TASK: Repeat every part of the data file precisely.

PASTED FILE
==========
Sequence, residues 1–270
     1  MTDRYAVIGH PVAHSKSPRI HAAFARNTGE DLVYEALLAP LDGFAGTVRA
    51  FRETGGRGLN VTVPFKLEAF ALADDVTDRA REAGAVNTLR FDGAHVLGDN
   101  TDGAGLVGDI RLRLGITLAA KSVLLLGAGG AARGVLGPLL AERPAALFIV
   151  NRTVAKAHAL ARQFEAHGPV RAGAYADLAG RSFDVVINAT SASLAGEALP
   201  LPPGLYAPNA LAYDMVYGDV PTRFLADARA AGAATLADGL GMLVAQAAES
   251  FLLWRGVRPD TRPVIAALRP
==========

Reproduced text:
Sequence, residues 1–270
     1  MTDRYAVIGH PVAHSKSPRI HAAFARNTGE DLVYEALLAP LDGFAGTVRA
    51  FRETGGRGLN VTVPFKLEAF ALADDVTDRA REAGAVNTLR FDGAHVLGDN
   101  TDGAGLVGDI RLRLGITLAA KSVLLLGAGG AARGVLGPLL AERPAALFIV
   151  NRTVAKAHAL ARQFEAHGPV RAGAYADLAG RSFDVVINAT SASLAGEALP
   201  LPPGLYAPNA LAYDMVYGDV PTRFLADARA AGAATLADGL GMLVAQAAES
   251  FLLWRGVRPD TRPVIAALRP